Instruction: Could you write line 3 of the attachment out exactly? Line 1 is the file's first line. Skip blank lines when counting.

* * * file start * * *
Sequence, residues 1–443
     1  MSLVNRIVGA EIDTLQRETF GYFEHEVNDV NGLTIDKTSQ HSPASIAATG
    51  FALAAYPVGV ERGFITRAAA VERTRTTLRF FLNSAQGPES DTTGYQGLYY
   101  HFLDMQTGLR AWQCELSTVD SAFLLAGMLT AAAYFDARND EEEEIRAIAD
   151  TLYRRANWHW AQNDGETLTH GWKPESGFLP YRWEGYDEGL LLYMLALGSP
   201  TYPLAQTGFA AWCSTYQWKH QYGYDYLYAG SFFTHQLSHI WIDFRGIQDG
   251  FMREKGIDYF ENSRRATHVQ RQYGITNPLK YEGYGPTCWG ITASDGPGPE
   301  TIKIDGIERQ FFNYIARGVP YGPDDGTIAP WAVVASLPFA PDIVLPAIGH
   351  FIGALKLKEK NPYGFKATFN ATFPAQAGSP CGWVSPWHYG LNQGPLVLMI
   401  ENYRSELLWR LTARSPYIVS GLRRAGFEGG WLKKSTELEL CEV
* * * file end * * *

    51  FALAAYPVGV ERGFITRAAA VERTRTTLRF FLNSAQGPES DTTGYQGLYY